Dono has made a series of handbags, rucksacks, bike paniers and lampshades from the tarpaulin that covered Pont Adolphe
Ever wondered what happened to the giant bandage-like tarpaulin that covered Pont Adolphe for three years while it was renovated? Rest assured it did not end up in landfill.
A socio-cultural project has found a novel use for the 10,000 m2 of hardy plastic sheeting--by transforming it into handbags, rucksacks, saddle bags and lampshades.
The items, which feature in the “E Stéck vun der Bréck” collection (Luxembourgish for a piece of the bridge), form part of the Dono project, to promote upcycling, circular economy principles and raise awareness about waste.
Within the first few days of going on sale, Dono designer Julie Conrad told Delano that much of the initial stock had already been sold.
“I didn’t think it would be so big. We’ve been working on it since the beginning of the year. Now we see how people are reacting and it’s wonderful. I’m very happy.”
The designer worked with a team of six people with disabilities from the Cooperations Wiltz to make the range from the curious tarpaulin.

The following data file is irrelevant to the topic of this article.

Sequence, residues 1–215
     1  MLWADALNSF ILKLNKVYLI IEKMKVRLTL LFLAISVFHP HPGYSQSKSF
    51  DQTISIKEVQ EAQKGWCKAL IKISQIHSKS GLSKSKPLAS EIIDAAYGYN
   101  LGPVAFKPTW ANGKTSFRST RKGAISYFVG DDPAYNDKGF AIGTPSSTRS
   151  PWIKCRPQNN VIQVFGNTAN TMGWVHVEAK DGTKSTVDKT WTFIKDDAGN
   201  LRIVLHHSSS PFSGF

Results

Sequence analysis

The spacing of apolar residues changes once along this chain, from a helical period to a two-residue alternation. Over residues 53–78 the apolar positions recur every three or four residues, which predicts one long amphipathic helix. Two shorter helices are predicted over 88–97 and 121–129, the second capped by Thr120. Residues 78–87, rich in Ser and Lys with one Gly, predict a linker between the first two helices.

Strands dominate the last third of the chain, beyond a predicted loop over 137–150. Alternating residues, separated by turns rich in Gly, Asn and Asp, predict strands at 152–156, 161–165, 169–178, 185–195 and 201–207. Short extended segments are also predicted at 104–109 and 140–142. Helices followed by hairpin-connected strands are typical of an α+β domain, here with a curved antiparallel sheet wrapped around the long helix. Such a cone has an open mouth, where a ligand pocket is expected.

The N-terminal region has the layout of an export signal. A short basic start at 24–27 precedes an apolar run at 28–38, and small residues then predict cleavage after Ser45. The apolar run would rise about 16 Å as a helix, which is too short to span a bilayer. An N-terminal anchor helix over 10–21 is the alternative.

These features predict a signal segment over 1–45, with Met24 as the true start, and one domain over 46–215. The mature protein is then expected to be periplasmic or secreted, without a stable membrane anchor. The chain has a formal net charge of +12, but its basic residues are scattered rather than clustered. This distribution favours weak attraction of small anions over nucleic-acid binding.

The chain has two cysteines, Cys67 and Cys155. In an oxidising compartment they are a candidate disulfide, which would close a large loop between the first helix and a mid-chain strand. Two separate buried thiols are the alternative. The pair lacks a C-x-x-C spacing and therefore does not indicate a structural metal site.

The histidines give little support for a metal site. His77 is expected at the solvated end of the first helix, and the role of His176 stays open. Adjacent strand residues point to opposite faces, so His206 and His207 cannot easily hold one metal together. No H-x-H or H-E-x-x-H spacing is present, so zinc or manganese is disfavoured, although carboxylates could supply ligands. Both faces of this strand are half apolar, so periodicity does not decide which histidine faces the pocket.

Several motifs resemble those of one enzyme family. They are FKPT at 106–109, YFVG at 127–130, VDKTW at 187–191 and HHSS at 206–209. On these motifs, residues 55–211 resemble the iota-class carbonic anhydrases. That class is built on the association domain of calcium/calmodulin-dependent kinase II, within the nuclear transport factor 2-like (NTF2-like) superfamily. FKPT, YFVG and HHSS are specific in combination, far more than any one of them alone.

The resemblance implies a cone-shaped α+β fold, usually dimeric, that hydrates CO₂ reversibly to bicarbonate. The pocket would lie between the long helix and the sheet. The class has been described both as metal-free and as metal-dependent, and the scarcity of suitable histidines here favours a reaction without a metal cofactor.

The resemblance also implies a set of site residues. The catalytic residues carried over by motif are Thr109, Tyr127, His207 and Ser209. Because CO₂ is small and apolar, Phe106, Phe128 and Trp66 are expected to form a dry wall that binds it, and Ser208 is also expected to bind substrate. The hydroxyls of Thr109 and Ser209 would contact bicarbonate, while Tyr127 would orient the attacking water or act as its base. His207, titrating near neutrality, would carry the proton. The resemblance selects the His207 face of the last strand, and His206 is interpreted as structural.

“We received 50 orders from people who wanted to choose a specific part of the tarpaulin,” she said, adding that new items in the collection are planned. “We really like when people give feedback. A lot of people have asked for wallets and I think that’s going to be top of the list along with bigger bags.”
Dono's mission is to make companies and consumers take responsibility for the goods they buy and encourage them to adopt habits which prioritise biodegradable materials, favour recycling or reuse of items. To remain true to circular economy principles, Dono products are not delivered to clients but can be picked up from fixed locations chosen by the buyer.
Conrad told Delano that since launching, the group had been contacted by businesses wishing to donate their tarpaulins to be upcycled so new styles and colours could be expected in future.